Vancouver-based Fineqia International Inc. has taken an equity allocation in Black Insurance, a Tallinn, Estonia-based digital insurance startup on the blockchain that has set its sights on creating a direct investor-to-broker relationship, bypassing the need for a traditional insurance company.
Terms of the deal were not disclosed, but Fineqia said its investment sum represents less than 1% of its market capitalization. Fineqia says the strategic investment will strengthen its existing pipeline of asset-backed debt securities that will be offered to investors on its platform.
“We are excited to back Black, which allows for a wide variety of investors to participate in a high-quality insurance finance product,” said Fineqia’s CEO Bundeep Singh Rangar, who also helped found Black. “Black represents everything we want from issuers on our platform: innovation, disruption and ambition. We believe that insurance is one sector ripe for blockchain disruption and Black Insurance has the right team experience to make this happen.”
Black intends to become a licensed insurer. Its blockchain platform would enable the underwriting of new insurance policies via insurance syndicates akin to the Lloyd’s market. It is intended that insurance brokers and agents will be able to create bespoke insurance schemes faster and cheaper using the Black platform.
A white paper explains Black Insurance’s business model in the following basic terms. “Black will be a licensed insurance company that provides insurance capacity to agents, brokers and MGAs, enabling them to launch their own virtual insurance companies. Our capacity comes without the traditional overheads of insurance company, while using blockchain as main platform to get rid of centralized insurance companies.”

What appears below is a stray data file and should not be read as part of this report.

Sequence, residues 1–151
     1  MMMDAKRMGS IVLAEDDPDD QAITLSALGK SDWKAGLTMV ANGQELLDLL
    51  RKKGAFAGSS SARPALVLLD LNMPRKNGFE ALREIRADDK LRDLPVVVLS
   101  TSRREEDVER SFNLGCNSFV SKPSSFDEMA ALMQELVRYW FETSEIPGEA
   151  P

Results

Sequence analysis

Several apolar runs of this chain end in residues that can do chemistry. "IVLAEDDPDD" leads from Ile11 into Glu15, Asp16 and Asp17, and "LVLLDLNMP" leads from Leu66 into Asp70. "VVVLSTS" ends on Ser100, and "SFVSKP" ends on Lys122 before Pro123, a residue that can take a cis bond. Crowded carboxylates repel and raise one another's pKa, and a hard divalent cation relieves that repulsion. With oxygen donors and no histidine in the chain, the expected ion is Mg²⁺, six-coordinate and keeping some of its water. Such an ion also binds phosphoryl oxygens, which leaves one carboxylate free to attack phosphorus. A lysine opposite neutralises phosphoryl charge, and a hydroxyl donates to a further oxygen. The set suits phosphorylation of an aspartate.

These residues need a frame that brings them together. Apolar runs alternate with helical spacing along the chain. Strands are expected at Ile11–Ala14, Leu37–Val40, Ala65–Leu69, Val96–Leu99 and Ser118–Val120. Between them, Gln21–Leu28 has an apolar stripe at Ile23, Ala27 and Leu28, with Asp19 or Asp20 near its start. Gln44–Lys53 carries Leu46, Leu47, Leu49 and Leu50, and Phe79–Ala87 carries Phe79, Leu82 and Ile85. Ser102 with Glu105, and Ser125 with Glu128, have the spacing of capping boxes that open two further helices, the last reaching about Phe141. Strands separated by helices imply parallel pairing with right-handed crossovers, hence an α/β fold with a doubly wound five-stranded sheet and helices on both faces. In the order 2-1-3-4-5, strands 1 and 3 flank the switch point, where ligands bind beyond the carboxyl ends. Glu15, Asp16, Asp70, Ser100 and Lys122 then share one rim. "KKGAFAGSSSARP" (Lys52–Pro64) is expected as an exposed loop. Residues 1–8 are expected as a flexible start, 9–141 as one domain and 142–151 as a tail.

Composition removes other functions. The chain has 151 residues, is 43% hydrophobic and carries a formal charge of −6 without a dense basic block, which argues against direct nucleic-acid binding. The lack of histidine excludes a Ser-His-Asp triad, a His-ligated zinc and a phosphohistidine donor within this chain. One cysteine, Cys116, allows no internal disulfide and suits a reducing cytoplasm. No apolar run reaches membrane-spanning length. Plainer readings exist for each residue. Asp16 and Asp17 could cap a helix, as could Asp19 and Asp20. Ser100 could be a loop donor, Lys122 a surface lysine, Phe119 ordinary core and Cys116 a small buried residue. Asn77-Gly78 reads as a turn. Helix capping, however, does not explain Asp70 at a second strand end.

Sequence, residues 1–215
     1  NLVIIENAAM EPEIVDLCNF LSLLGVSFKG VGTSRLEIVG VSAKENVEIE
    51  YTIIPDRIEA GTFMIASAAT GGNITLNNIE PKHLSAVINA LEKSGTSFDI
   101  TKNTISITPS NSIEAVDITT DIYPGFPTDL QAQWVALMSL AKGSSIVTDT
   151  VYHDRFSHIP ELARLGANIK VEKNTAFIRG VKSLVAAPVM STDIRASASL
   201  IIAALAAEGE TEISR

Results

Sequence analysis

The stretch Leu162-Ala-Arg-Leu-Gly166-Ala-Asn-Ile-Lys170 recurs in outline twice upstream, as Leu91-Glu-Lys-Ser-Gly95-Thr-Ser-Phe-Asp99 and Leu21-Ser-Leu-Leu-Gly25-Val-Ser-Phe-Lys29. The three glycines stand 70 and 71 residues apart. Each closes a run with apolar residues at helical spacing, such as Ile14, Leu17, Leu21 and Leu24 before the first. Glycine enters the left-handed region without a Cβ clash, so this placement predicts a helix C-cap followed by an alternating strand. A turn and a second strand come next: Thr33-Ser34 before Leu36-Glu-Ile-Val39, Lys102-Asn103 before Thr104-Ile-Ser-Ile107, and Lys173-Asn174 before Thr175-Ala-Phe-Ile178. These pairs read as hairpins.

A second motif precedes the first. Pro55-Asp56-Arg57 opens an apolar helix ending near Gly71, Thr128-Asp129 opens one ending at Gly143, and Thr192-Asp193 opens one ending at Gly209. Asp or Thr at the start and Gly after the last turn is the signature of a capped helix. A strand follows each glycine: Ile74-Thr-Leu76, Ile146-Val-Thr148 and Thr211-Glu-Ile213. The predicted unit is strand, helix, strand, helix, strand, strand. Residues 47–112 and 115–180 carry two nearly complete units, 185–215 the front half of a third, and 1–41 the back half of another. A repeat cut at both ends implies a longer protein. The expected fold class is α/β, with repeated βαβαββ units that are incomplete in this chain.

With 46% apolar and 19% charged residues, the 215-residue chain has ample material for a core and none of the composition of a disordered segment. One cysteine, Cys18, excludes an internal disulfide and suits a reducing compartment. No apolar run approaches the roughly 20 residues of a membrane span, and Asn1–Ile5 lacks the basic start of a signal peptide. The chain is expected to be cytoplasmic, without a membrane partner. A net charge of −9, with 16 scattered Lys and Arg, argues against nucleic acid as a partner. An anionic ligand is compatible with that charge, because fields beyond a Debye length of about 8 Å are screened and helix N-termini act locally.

Black will price the risk of specific syndicates and sell fractional ownership in such pools in the form of tokens representing the unit value of each syndicate’s expected financial return. The insurer says this process makes participation in insurance syndicates more efficient and transparent via time-stamped and traceable transaction records recorded on the blockchain.
Black is gearing toward an initial coin offering (ICO) later this year. It plans to sell utility tokens that will be used for transacting on its platform once it is publicly available.
Research by Accenture indicates that a third of all insurers are planning to use blockchain in the next two years and another third have it on their agendas for consideration.
“There is a lot of appetite in the insurance industry to innovate and cross the threshold to a radically new era,” says Risto Rossar, Black’s founder. “We already have dozens of requests from brokers across the world to join the platform. They have grown impatient of the innovation-averse, slow mindset dominating the industry, and see Black as a way to make their aspirations a reality.”
Black touts its use of blockchain in insurance as a means to decrease operational costs, increase security and transparency, mitigate against any single point of failure, and enhance the reputations of all parties involved. “By establishing a marketplace where investors and insurance underwriters can directly trade with one another, Black seeks to minimize transaction costs,” the company says.